Jared Diamond - snookered

16 Dec 2013

At www.pasthorizonspr.com/index.php/archives/12/2013/new-evidence-challenge... ... Jared Diamond's best selling book is beloved of the Greens and the Enviros but is under attack once again. Why people appear to object to it may in part be the suffocating moralising involved - and the fact he has deliberately altered historical accounts in order to satisfy a preconceived agenda. The collapse of society on Easter Island (Rapa Nui) is well documented - the inhabitants were taken into servitude to work on plantations elsewhere in the South Pacific by European people with an eye on the markets and making a killing. They might have made a lot of money but they also did a lot of the killing. Hence, when Jared Dioamond came along and claimed he knew better he obviously ruffled a few feathers, and has been under attack on several occasions. Basically, he blamed the people of Rapa Nui for soiling their own environment. Why would he do that? He wanted an example of environmental suicide and he invented one on an isolated island in the Pacific. As such, Rapa Nui became a sort of poster child of the Doomsayers - an example of human over population, over exploitation of resources, the destruction of their habitat (cutting down all the trees), and their virtual disappearance as a people and distinct society. In other words, even primitive peoples living in the rainforest could not be trusted to look after their patch of the world - and the Greens and Enviros that know what is best for the rest of us, were able to feast on their superior morality and decry the motives and lifestyle of others, even those of very poor people who did not have much of a carbon footprint. No wonder other researchers found this all a bit nauseating, and morally sick rather than superior. The big question is - how did they get away with it for so long?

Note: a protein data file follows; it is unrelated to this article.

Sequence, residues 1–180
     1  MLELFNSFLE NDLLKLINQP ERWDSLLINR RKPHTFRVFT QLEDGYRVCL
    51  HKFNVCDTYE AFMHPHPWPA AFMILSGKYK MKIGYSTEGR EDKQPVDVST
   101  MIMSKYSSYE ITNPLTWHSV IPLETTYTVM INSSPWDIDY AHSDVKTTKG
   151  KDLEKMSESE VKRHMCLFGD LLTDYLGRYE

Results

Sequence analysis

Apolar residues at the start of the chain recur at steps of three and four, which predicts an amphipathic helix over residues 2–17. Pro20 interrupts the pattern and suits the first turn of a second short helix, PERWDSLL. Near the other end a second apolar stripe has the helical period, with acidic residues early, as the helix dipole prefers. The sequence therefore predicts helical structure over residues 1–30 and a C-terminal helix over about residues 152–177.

Dr Mara Mulrooney claims the exact opposite is true - the people of Rapa Nui represent a haven of light in that people learnt the lesson of sustainability and continuity, and very definitely there was no society collapse. She adds, 'based on these new findings, perhaps Rapa Nui should be the poster child of how human ingenuity can result in success rather than failure' - not the sort of deduction Greens like. All development and advance by humans is in some ways wicked - anti Gaia. However, an analysis of 300 archaeological sites on Rapa Nui, using C14 to date activity, shows that large tracts of the interior of the island continued to be used for agricultural production right up to the arrival of Europeans, and beyond. Sweet potatoes and taro were the most common crop.